However, we can see that the different views of interpretation of Jesus can cause different views
7
T. J. Mashburn III, "Scribe in the New Testament," 801.
8
T. J. Mashburn III, "Scribe in the New Testament," 801.
9
Donald A. Hagner, The Jewish Reclamation of Jesus (Grand Rapids: Zondervan Publishing House, 1984), 21.
4
on the interpretation of Scripture, and visa versa. Seeing the different ways that the Jews view
‘the nature of Jesus’ helps us to examine the Jewish scribal methods of interpreting the Scriptures.
There are hundreds of interpretive texts throughout the Jewish circle. They include the
Mishnah (late second-century CE Jewish law code), the Talmuds (the commentaries on the
Mishnah, the targums (translations of Hebrew scriptures into vernacular Aramaic with accompanying commentaries, an activity known as exegesis). The Essene community that lived by the
Dead Sea, and whose scrolls were discovered in the middle of the twentieth century, developed
pesharim (true commentaries in which a biblical passage is quoted and then followed by symbolic interpretation)10. Judaism's rabbinical tradition of interpretation, where rabbis commented on
commentary from previous rabbis, left interpretation open11.
The Jews were presented with the problem of adapting the facts of the sacred text to the
needs of the people, and making it accessible to them at a practical level. Gerald Bray tells us,
“Biblical interpretation in its initial phase was almost exclusively a Jewish enterprise, and the
variations which it contained including those put forward by Christian writers, must be understood in the context of contemporary Judaism12.” This period of Jewish interpretation was
brought to an end after the destruction of Jerusalem and the split of the main body of Judaism
10
Thomas L. Long, The Bible: A History of Composition and Interpretation, 11 August
2003, < http://www.tncc.vccs.edu/faculty/longt/REL200/intro-comp-interp.htm> (9 February
2004).
11
Thomas L. Long, The Bible: A History of Composition and Interpretation.
12
Gerald Bray, Biblical Interpretation: Past and Present (Downers Grove: InterVarsity
Press, 1996), 49.
5
from the church, by the Diaspora13. New patterns of interpretation began to emerge after the
church left its Jewish ways of origin.
There were many key contributors to the development of the scribal methods throughout
history. One key area we need to focus our attention on is the ‘schools of thought 14’ linked to the
development of the movements in Judaism. The most significant of these groups were the Pharisees. Bray tells us the Pharisees were the “main upholders of what is now known as the ‘scribal’
tradition, and their arch-rivals, the Sadducees15.” The rabbinic traditions of Biblical interpretation are mainly connected with the Pharisees.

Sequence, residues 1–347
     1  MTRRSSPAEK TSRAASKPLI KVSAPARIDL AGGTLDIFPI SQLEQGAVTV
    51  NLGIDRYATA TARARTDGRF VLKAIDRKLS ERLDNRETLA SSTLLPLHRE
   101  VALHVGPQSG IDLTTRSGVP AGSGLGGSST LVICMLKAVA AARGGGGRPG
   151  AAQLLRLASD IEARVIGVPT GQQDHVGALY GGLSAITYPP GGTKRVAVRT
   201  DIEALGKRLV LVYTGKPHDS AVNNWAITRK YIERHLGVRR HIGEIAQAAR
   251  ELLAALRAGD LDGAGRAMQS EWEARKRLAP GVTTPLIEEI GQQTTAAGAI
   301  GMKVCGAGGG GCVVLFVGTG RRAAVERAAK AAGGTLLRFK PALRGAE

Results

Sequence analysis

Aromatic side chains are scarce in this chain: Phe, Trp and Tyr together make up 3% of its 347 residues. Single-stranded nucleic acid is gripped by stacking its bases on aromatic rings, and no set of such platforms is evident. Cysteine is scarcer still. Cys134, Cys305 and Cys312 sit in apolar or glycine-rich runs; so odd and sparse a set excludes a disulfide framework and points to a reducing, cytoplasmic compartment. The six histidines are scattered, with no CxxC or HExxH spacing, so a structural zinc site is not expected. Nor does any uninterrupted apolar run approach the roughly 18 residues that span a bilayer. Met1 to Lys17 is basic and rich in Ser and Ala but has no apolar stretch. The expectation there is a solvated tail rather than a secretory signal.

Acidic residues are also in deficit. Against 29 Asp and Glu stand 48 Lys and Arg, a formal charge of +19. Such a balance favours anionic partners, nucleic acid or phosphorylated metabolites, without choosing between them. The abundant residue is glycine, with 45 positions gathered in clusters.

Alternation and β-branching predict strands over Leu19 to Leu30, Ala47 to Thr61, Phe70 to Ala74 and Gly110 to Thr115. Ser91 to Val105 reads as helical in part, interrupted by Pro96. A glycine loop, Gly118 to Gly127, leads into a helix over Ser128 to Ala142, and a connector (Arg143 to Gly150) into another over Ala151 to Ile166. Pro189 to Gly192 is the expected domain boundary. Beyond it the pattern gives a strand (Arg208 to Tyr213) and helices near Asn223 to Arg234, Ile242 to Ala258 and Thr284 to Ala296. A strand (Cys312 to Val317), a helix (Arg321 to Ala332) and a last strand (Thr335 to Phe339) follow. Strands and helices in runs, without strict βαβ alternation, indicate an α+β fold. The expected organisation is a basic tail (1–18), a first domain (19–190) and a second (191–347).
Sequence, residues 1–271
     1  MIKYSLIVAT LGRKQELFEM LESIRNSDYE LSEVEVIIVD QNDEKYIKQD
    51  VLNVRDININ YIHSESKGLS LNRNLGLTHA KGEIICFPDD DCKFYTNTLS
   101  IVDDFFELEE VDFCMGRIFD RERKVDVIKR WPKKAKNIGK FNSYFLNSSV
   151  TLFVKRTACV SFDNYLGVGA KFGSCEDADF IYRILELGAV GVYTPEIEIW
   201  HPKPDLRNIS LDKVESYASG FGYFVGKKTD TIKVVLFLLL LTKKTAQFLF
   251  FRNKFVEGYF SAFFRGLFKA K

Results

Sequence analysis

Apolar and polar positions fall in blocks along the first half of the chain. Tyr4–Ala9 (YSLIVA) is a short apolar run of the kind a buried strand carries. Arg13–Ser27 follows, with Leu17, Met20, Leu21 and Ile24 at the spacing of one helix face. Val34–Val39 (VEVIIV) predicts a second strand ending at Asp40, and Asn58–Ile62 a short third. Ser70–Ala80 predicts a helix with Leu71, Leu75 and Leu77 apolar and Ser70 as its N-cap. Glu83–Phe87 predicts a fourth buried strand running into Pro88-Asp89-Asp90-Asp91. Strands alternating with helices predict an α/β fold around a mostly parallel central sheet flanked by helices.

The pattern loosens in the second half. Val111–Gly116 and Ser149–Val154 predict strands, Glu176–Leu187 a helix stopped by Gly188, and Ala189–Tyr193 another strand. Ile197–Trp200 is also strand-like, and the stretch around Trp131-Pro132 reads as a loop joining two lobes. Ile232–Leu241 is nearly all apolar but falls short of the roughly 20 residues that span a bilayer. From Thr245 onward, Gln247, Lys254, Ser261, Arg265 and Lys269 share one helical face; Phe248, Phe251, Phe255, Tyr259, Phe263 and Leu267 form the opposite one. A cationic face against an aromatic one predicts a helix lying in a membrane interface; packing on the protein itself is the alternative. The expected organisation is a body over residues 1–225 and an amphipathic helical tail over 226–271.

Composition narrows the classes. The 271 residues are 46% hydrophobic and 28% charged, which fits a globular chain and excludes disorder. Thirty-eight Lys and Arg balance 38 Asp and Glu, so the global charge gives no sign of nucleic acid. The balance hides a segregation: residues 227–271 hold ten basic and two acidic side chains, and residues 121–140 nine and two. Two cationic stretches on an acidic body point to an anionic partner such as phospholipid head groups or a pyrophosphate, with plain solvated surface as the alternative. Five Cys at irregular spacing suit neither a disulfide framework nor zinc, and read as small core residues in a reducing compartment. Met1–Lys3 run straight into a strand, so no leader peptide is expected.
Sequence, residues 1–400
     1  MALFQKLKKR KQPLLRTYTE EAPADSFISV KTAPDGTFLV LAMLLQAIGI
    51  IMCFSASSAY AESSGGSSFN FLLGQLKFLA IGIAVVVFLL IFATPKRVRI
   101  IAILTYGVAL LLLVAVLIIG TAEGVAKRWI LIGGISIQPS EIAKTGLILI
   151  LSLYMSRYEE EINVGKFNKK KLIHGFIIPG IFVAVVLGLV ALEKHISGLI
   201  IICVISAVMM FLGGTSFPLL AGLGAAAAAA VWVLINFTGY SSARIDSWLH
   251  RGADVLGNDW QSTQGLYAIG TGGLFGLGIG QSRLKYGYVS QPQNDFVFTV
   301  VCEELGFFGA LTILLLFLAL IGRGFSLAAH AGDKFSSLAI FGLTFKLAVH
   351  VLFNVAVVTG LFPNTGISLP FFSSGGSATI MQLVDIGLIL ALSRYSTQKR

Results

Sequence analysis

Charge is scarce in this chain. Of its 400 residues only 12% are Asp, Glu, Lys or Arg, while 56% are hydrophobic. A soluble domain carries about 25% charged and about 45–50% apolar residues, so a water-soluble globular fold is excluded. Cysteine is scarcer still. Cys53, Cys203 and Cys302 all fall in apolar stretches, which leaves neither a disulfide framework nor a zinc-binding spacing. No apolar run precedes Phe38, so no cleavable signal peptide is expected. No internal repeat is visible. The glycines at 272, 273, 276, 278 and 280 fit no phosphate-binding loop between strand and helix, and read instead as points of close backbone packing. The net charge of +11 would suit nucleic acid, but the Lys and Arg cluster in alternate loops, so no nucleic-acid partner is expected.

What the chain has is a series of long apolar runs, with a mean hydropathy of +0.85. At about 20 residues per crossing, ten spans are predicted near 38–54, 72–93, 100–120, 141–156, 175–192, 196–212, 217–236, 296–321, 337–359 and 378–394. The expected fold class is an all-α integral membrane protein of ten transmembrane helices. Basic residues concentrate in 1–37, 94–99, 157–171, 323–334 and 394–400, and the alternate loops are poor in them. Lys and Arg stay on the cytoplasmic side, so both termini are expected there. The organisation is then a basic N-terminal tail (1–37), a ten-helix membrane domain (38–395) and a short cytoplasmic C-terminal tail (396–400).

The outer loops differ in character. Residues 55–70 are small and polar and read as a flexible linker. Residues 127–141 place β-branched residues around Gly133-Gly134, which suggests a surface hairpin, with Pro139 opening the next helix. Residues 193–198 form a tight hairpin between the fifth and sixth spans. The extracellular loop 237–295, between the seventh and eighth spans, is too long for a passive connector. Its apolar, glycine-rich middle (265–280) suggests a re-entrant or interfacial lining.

Traditionally the history of Jewish scribal exegesis has been divided into the Tannaim
phase (first century B.C. to A.D. 200), and the Amoraim phase (200 to the fifth century)16.
There are many differences in opinion on the dating of the Tannaim period. However, there
were two rival schools of thought among the rabbis during this period. Shammai was the leader
of the more conservative of these schools, and Hillel was the leader of the more liberal school17.
It was Hillel’s school, which left its mark of superiority on later Jewish exegesis. During the
time of Jesus, the most common form of rabbinical exegesis was the nomological approach, or
the expression of rules of reasoning. The rival between these two schools of Shammai and Hillel
must be understood within this context18. Bray also tells us, “It is against that background that
13
Bray, Biblical Interpretation: Past and Present, 48.
14
Bray, Biblical Interpretation: Past and Present, 49.
15
Bray, Biblical Interpretation: Past and Present, 49.
16
Bray, Biblical Interpretation: Past and Present, 50.
17
Bray, Biblical Interpretation: Past and Present, 50.
18
Bray, Biblical Interpretation: Past and Present, 58.
6
we must read the criticisms of Pharisaic legalism which we find in the pages of the New Testament19.” The Sadducees were the only group to differ in opinion, and Bray tells us they were the
only ones “who adhered to what would later be called a strictly peshat form of exegesis, and who
may have used Hellenistic techniques of logical argument to back up their interpretation20.” The
Amoraic period began about AD 200, and Bray tells us that during this time, “The large body of
oral (and partly written) traditions of earlier times was codified, to form the basis of modern Judaism. This material is divided into the halakah, or ‘proper way,’ which covers matters of behavior and conduct, and haggadah, which is meant to illustrate scriptural texts and edify the
reader21.” Farrar tells us the haggadah was a nobler and more human development of teaching,
even though it had its own absurdities, and feebleness22. Bray gives us a brief history of the halakah, which is said to be “used to express the accepted conclusion arrived at after discussion,
and to be followed in practice as a supplement to the provisions of the Written Law23,” in the following:
Halakah was first codified by Rabbi Judah Ha-Nasi (‘the Prince’), who is supposed to
have been born in AD 135. This was the Mishnah, which contains both exegetical and
non-exegetical material. To the Mishnah was later added the Tosephta (‘addition’),
which is ascribed to Rabbi Hiyya, a disciple of Judah Ha-Nasi. Later on there appeared